Turkish officials have signalled that they’re not satisfied with their end of the bargain. It’s unclear how much more the SDF can give, according to Gönül Tol of the Middle East Institute. “At this point, having a safe zone that is thirty kilometers deep that is totally off limits to the [SDF] would really undermine U.S. strategy,” she said at the Johns Hopkins event.
Given the importance of the Kurdish question to its internal politics, Turkey has shown that it is willing to take matters into its own hands. In January 2018, Turkish forces invaded the SDF-held enclave of Afrin, which they are still occupying.
On Saturday, Erdoğan called elements of the safe zone “fiction,” threatening to launch a unilateral invasion east of the Euphrates “as soon as today or tomorrow.”
There were no U.S. troops in Afrin at the time, but there are east of the Euphrates. If Turkish forces were to kill an American soldier, Tol said, “then all bets are off.”
But Jeffrey calculates that it’s not worth throwing away the relationship with Turkey—a state of eighty million people and the second-largest army in NATO—for a non-state militia, according to Çağaptay.
“The State Department is always going to privilege state actors over non-state actors. It’s how it’s wired,” said Heras, who has observed SDF operations inside Syria. “The State Department is not the [Department of Defense]. It’s not the CIA. It’s not an organization that deals particularly well in murky and gray zone contexts. Engaging with a treaty ally state actor is exactly the type of work the State Department is best suited for.”
As former Ambassador Robert Ford complained in an October 1 op-ed, “[t]he Americans are creating a bigger risk to peace in Syria over the long-term. They are providing a military umbrella for a mini-state to emerge in eastern Syria.”
“[Turkey] is a government. So they have money. They have lobbyists working for them,” said Xulam, who founded AKIN because “every country had an embassy, but we [Kurds] didn’t have one.”
But the U.S.-Kurdish alliance is giving Kurds unprecedented access in Washington. On October 2, the leadership of the Syrian Democratic Council briefed reporters on their recent visit to the U.S. capital.
“The parties we met with were mostly from Congress and the State Department, but we see that they have begun to put their weight behind a political solution,” said Executive President Ilham Ahmed. “In addition, there is a need for lengthy discussions and debates about how to reach a true and realistic solution. I focus on the word realistic so that we are not being fanciful in proposing projects or solutions.”
“Mr. James Jeffrey played a role in conveying the discussions between us and Turkey, and we thank him,” she told the National Interest in Arabic. “The Pentagon also played a positive role, and we also thank them.”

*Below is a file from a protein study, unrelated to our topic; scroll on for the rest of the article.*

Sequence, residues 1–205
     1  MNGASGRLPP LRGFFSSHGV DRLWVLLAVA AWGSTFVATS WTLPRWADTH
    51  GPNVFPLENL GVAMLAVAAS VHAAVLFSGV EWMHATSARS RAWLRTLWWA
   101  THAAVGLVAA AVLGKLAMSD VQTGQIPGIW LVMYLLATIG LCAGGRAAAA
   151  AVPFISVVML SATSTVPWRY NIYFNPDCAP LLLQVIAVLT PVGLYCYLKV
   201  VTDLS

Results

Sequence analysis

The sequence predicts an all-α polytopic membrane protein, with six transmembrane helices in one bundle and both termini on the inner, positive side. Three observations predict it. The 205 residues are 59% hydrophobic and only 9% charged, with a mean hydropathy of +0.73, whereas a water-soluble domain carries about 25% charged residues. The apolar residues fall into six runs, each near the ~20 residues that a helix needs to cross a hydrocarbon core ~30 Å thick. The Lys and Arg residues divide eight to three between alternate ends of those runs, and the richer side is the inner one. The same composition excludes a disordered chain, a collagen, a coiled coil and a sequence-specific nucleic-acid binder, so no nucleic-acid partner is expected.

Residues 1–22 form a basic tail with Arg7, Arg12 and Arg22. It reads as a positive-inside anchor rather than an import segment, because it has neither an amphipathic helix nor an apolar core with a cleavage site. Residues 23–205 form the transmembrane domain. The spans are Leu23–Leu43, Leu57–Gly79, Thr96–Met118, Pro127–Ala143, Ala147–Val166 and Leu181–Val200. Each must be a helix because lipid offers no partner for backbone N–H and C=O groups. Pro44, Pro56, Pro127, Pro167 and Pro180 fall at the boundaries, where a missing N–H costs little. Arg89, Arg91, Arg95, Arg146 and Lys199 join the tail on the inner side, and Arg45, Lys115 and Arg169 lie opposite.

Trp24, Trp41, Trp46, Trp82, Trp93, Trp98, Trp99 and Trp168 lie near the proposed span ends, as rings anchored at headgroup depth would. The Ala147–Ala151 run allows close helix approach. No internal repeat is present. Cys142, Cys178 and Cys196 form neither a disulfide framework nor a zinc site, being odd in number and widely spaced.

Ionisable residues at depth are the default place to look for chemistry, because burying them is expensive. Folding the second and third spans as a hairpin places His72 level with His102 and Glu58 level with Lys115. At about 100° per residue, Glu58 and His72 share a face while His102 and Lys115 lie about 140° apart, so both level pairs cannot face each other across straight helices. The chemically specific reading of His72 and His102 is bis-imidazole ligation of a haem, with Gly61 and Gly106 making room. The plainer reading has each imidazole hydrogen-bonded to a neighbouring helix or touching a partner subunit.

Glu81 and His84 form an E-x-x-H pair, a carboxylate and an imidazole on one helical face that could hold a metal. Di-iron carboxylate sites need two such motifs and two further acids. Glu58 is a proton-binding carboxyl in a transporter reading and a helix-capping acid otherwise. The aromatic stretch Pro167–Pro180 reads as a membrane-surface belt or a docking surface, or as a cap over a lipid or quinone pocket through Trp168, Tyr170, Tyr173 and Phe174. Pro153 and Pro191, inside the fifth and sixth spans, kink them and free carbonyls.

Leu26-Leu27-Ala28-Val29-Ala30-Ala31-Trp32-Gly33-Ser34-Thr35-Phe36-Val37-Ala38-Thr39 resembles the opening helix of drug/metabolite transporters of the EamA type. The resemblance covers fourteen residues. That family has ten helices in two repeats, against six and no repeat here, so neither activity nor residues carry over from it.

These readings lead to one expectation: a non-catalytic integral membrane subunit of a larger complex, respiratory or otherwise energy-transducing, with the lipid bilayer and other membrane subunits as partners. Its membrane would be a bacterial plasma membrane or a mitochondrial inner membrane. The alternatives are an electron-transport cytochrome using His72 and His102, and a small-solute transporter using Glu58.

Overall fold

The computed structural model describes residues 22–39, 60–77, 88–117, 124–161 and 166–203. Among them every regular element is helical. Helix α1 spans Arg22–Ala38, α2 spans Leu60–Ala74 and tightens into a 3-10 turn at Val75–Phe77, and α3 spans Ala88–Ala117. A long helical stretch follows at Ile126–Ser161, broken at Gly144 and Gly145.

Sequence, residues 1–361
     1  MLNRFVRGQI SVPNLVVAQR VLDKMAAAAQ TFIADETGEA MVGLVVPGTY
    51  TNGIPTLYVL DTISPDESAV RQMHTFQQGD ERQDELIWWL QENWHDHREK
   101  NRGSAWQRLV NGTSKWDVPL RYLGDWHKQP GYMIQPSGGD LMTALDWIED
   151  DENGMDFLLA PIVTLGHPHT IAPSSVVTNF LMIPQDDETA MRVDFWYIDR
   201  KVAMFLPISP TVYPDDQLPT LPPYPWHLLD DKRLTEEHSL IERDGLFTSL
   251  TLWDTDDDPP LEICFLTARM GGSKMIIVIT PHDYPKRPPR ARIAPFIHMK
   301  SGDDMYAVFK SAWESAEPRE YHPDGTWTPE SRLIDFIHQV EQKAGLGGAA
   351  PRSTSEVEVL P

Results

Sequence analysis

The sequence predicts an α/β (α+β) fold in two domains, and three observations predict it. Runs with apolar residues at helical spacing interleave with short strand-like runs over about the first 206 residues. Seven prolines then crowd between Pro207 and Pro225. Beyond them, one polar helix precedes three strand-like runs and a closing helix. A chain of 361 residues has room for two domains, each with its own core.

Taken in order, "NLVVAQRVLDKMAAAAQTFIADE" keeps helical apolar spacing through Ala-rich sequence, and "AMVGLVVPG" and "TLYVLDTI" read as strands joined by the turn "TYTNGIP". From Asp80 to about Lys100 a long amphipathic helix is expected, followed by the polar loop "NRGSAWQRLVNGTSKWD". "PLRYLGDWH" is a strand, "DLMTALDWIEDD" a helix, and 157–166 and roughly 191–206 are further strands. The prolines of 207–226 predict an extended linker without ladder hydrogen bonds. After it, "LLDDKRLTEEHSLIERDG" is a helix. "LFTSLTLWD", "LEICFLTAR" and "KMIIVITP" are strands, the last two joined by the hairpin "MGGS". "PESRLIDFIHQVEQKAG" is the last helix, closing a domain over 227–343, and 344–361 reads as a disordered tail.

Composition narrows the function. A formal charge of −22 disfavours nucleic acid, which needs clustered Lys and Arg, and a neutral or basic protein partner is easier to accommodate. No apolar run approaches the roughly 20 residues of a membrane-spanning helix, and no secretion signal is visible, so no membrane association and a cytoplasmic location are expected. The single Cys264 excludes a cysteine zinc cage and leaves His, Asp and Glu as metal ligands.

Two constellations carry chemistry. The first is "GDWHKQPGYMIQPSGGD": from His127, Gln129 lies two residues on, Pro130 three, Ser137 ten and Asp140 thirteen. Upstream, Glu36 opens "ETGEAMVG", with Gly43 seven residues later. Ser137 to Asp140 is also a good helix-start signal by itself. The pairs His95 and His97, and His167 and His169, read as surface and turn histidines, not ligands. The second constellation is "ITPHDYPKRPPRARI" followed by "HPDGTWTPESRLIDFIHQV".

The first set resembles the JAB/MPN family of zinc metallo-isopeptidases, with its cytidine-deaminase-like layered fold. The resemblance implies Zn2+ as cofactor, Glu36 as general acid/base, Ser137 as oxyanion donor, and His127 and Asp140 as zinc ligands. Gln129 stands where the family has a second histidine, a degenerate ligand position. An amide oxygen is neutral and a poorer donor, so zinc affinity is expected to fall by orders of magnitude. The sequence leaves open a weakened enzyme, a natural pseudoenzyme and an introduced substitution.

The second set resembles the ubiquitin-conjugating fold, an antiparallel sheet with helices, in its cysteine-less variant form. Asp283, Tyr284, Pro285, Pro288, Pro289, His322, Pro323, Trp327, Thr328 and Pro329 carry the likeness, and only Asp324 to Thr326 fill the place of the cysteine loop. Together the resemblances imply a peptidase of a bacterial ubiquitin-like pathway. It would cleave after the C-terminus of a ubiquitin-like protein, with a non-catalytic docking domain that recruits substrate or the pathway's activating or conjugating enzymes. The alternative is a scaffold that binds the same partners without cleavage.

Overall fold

Ahmed said that Jeffrey was the highest-ranking official that she met with during her most recent visit. When asked about her brief encounter with Trump during a January visit, Ahmed smiled silently. Her translator added in English: “no comment.”
The Bible and the Bill of Rights
Özsoy, whose People’s Democratic Party is the main legal avenue for Kurdish dissent in Turkey, also told the National Interest that U.S. officials were “quite receptive” to his latest visit. Shortly after a meeting of the Tom Lantos Human Rights Commission at the House of Representatives, he said that “there is more interest in talking to people who are either from Turkey or who work on Turkey,” thanks to the S-400 dispute and the Syrian war.
“They are less into questions of, say, human rights and democracy in Turkey. That is a bit discouraging,” he added. “We are also trying to bring in that discussion about democracy, about human rights, about the rule of law, about the whole crackdown on the democratic opposition.”
Traditionally, dissidents like Özsoy could rely on activists focused on human rights and a liberal world order.
Xulam first came to Washington in 1993 to draw attention to Saddam Hussein’s infamous gas attack against Kurds at Helebçe, and soon expanded his mission to include the plight of Kurds in his native Turkey. Among the congressional Democrats and Republicans that Xulam worked with at the beginning, he found natural allies in former Rep. Bob Filner, a Jewish-American civil rights pioneer in the American South, and former Rep. Elizabeth Furse, a white anti-Apartheid activist who grew up in South Africa.
“[Furse] opened her arms to us right away. I didn’t have to educate her. Of course, Turkey is not South Africa, but oppression is oppression,” Xulam said. “Bob Filner—who when he was nineteen had joined Freedom Riders, and had gone to Mississippi, and had been beaten up, and thrown into prison—I didn’t have to educate him on the oppression the Kurds were going through because he had familiarity with what the dominant race can do to a minority.”